There’s a few other things: I worry that grades subvert attention from those who truly do like to learn: risk taking is usually fairly discouraged by grades, for example. Also, honest self assessment is a rare skill in today’s world, and I think it hurts people: focusing on what your real weaknesses are is difficult (example: incredibly talented students who keep focusing on academics than, say, the way they communicate and relate to others). The other thing that worries me slightly about “entrepreneurship education” is that it ends up focusing on the types of kids who do well in graded systems, as opposed to those who do well in more loosely organized situations, particularly when you end up having to pick your own standards for success and understand weaknesses. In ski racing, one of the best pieces of advice I ever received was, “You will always be your own best coach,” and so I needed to focus on being as good a coach as an athlete.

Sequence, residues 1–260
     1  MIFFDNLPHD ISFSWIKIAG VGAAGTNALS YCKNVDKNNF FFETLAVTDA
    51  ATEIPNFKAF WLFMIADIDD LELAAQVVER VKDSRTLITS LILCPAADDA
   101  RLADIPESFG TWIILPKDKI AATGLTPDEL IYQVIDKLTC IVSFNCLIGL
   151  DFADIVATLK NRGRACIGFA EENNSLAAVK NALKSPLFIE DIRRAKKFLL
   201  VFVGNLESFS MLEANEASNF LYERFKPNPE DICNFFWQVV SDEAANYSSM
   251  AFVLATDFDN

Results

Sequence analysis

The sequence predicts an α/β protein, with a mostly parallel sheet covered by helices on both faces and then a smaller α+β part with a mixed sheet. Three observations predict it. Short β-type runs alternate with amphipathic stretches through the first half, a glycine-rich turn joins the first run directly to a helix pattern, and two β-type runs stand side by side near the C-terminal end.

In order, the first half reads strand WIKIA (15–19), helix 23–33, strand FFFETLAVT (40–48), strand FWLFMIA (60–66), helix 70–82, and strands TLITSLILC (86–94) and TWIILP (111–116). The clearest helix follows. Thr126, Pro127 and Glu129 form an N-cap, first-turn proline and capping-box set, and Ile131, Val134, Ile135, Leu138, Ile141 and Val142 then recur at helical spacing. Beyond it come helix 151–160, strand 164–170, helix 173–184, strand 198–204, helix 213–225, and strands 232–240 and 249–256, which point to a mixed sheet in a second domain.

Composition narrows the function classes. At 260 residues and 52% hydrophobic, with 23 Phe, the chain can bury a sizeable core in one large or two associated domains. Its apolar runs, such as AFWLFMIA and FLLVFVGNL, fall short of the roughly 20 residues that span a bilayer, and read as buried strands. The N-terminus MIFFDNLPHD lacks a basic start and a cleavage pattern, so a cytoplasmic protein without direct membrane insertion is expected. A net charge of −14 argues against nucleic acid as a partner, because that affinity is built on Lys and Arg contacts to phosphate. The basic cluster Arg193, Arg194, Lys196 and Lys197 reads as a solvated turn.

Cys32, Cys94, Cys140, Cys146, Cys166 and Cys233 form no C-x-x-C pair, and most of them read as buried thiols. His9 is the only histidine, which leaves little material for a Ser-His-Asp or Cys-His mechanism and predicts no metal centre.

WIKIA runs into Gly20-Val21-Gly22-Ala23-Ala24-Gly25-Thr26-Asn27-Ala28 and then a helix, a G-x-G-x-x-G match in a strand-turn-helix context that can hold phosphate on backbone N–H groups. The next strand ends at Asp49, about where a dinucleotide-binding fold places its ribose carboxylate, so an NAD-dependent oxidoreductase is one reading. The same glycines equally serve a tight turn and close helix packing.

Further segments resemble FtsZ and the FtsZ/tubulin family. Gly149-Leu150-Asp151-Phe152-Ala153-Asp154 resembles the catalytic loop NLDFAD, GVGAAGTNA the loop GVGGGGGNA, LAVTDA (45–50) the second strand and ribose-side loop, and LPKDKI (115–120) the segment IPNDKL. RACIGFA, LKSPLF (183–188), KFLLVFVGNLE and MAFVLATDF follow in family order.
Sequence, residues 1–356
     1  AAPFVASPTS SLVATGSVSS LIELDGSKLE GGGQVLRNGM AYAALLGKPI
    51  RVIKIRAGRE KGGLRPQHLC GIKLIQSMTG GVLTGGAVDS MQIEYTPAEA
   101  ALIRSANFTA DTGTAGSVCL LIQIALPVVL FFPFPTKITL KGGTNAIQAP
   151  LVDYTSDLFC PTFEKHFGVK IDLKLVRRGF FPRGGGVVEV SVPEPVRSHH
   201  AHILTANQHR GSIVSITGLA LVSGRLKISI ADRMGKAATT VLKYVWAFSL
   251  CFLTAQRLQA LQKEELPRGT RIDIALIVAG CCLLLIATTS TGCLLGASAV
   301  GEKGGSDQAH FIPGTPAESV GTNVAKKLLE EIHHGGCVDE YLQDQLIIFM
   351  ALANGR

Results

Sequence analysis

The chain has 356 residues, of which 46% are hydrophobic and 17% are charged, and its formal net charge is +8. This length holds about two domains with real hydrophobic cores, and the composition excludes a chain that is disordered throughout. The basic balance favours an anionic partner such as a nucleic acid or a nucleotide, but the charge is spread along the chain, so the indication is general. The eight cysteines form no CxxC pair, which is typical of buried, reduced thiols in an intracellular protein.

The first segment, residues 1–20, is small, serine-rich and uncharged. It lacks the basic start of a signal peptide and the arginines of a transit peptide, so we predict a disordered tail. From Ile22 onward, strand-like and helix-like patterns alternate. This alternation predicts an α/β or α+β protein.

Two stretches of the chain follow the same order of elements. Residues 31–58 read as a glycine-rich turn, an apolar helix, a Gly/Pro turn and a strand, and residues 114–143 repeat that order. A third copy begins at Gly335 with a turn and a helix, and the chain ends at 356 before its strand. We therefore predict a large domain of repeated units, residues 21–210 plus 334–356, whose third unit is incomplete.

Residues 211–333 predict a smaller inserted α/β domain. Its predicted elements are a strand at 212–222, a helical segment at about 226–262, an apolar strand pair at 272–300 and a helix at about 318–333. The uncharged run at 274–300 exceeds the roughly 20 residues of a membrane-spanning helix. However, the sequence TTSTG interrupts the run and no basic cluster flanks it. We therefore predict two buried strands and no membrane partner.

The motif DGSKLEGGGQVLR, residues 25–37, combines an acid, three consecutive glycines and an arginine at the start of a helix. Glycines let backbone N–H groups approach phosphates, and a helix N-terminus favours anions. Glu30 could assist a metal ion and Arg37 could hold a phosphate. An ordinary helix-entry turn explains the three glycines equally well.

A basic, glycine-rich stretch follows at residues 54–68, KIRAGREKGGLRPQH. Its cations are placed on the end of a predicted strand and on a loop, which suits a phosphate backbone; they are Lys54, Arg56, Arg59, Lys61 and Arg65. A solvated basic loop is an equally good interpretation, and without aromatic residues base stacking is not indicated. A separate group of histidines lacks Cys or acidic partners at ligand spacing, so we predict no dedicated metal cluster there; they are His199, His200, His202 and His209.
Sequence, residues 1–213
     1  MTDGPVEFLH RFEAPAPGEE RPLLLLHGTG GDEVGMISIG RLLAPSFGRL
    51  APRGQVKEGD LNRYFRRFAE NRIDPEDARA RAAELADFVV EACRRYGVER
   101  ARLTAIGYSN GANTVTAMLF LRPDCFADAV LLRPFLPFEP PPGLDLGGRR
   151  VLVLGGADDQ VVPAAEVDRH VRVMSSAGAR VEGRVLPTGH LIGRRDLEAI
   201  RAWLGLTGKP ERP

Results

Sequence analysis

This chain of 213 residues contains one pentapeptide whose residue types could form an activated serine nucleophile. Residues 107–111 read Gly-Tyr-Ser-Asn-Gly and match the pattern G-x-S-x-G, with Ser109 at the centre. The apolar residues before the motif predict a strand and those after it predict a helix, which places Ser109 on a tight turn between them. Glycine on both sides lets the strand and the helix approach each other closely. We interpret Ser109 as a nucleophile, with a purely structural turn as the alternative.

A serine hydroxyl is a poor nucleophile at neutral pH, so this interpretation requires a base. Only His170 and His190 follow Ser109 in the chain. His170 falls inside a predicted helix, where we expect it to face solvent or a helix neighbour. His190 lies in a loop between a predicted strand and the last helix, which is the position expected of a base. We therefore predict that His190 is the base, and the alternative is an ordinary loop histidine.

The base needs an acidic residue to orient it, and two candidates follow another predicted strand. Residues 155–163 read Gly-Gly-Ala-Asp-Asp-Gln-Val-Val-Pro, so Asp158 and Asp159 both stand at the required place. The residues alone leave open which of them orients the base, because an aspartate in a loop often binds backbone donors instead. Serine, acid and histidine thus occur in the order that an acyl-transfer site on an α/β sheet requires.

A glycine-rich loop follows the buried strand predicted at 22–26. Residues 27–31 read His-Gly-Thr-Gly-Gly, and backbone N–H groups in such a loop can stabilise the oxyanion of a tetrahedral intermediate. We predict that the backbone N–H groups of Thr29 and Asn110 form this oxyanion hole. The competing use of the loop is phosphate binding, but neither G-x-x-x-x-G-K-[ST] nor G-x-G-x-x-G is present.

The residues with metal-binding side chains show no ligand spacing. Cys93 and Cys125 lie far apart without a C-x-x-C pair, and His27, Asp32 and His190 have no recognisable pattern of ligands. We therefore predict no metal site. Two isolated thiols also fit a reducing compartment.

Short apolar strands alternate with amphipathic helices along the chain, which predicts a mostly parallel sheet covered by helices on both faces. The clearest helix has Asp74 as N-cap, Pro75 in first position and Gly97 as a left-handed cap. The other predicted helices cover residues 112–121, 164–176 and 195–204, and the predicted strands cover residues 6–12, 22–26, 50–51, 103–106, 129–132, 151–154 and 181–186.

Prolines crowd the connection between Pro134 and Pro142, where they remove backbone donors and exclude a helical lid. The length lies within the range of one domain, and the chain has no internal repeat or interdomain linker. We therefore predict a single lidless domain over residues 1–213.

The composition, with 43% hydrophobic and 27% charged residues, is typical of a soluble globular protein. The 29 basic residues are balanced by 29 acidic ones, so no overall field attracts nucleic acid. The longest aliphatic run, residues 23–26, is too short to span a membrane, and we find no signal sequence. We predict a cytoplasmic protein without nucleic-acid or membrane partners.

3. My junior and senior years in highschool I started skipping class and hiding out in the public library. One of my teachers caught on, but instead of punishment she started giving me lists of topics. I’d research them and report my findings back to her, and we’d debate what I’d learned. It was a great experience that enstilled a confidence within me to break away from the predefined paths in the education system.


  4. You’ve just described a proper unschooling philosophy. My oldest son began loving puzzles, board games, then electronic games, then computer games and now at age 18 has more knowledge of computer/electronic hardware/software than a fellow employee who attained 7 yrs post high school college education.

    Another advantage is that he isn’t afraid to try something difficult, like repairing laptops. He doesn’t need to follow convention, but makes it up as he goes.